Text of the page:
As re-entry reading for the onset of the Autumn semester, I indulged in The Infidel and the Professor: David Hume, Adam Smith and the Friendship That Shaped Modern Thought, by Dennis Rasmussen, on the way home this weekend. This is a chatty account of the friendship between David Hume and the 12-years younger Adam Smith, discussing the extent to which Smith’s thought was influenced by Hume (a lot, Rasmussen argues) and analysing the differences between them (he identifies four areas of disagreement: the nature of sympathy, the role of utility, the foundation of justice, and the effects of religion). As a total Hume fan, I enjoyed reading it, and it’s a well-written book. You don’t need to be an expert on either to enjoy it, and get some flavour of the milieu of the Scottish Enlightenment.
Judging from Jesse Norman’s review of the book in Prospect, it might help not to be an expert on either, as he concluded it has little to say about the influence the two had on modern thought. As he points out, the problem Rasmussen faced is that the correspondence between the two men on which he based so much is rather small, and that mainly letters from Hume. Rasmussen fills out more in an interview in 3am Magazine with the stellar Richard Marshall.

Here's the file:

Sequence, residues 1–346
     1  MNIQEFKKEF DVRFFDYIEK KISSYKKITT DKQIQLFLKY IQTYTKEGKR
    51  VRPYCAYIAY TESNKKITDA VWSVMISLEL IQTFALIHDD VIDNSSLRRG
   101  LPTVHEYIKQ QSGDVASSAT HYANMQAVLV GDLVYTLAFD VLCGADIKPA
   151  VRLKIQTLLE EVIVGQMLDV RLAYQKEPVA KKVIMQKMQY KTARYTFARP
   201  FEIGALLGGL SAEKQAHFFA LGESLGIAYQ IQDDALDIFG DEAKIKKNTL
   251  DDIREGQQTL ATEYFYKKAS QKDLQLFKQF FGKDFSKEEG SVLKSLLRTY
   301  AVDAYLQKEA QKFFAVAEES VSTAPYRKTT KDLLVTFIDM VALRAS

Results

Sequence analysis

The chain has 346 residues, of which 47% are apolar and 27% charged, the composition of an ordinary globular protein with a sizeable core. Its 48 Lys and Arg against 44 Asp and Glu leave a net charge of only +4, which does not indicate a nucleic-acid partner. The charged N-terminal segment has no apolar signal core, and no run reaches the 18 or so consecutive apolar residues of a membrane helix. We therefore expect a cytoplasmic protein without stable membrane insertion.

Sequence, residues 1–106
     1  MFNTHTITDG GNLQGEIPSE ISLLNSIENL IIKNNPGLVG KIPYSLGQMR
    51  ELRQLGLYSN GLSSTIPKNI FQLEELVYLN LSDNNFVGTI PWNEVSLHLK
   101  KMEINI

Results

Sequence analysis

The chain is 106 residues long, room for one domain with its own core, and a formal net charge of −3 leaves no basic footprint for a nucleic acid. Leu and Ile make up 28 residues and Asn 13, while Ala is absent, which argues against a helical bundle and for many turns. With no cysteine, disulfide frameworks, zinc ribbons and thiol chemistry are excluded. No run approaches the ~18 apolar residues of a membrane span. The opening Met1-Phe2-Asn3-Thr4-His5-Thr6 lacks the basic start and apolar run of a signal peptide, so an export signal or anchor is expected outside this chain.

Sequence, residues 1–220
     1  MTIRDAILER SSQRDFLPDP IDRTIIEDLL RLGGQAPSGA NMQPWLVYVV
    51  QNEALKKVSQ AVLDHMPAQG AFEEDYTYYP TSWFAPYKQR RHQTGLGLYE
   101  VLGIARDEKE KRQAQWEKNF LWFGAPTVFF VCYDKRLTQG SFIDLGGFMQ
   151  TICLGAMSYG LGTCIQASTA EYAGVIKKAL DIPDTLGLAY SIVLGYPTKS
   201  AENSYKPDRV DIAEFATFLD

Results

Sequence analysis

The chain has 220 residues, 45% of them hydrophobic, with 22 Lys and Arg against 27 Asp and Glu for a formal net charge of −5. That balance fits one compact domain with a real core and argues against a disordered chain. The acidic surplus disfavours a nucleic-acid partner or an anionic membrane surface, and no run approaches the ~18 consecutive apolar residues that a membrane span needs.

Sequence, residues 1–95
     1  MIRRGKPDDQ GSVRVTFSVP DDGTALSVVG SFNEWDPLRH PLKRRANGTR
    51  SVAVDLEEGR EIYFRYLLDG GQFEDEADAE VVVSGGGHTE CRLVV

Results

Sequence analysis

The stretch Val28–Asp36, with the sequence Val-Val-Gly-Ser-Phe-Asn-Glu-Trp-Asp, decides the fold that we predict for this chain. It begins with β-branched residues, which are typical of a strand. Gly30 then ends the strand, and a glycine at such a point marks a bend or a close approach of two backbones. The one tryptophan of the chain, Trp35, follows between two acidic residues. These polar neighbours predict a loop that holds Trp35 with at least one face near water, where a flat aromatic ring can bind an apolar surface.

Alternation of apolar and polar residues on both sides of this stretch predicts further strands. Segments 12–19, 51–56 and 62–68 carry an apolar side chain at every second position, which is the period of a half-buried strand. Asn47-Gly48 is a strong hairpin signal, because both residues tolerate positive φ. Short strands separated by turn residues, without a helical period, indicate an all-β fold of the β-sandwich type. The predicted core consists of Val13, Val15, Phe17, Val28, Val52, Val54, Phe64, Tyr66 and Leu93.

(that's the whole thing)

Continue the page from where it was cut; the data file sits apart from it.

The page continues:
I warmed to one comment Rasmussen makes here – a point also covered in the book: “Just as Smith’s contributions to moral philosophy have been unduly neglected in favor of Hume’s, Hume’s contributions to political economy have been unduly neglected in favor of Smith’s. As an economist Hume has long been regarded as a minor predecessor of Smith, insofar as he’s taken notice of at all, but in fact he argued for free trade and stressed the moral, social, and political benefits of commerce several decades before The Wealth of Nations appeared. Hume’s essay “Of Luxury” (later retitled “Of Refinement in the Arts”) is one of the most forceful, comprehensive, yet succinct defenses of the modern, liberal, commercial order ever written.”
As he notes here, Smith was in his turn an ethicist and analyst of human nature. We do like to pigeon hole people, but one of the joyous aspects of the Enlightenment is not only that knowledge was expanding so quickly but that it touched on so many different areas. We lose so much that falls into the gaps between disciplinary boundaries.
The thing I took away from The Infidel and the Professor was quite how scandalised so many people were by Hume’s skepticism about religion. The book has quite an extensive discussion about the differences between Hume and Smith on religion, and reckons Smith was just as sceptical but keener to observe social convention, though the evidence for this seems rather speculative. But, if public opinion did find Hume as outrageous as Rasmussen says, who could blame Smith for keeping that much quieter about his views. And Smith did honour Hume after death by insisting, in a letter written for publication, that Hume had died in good spirits and completely untroubled by the prospect of nothingness. When so many people hoped the infidel Hume would repent on his deathbed and embrace god, out of fear if nothing else, to make it clear this had not occurred was an act of true respect and friendship.
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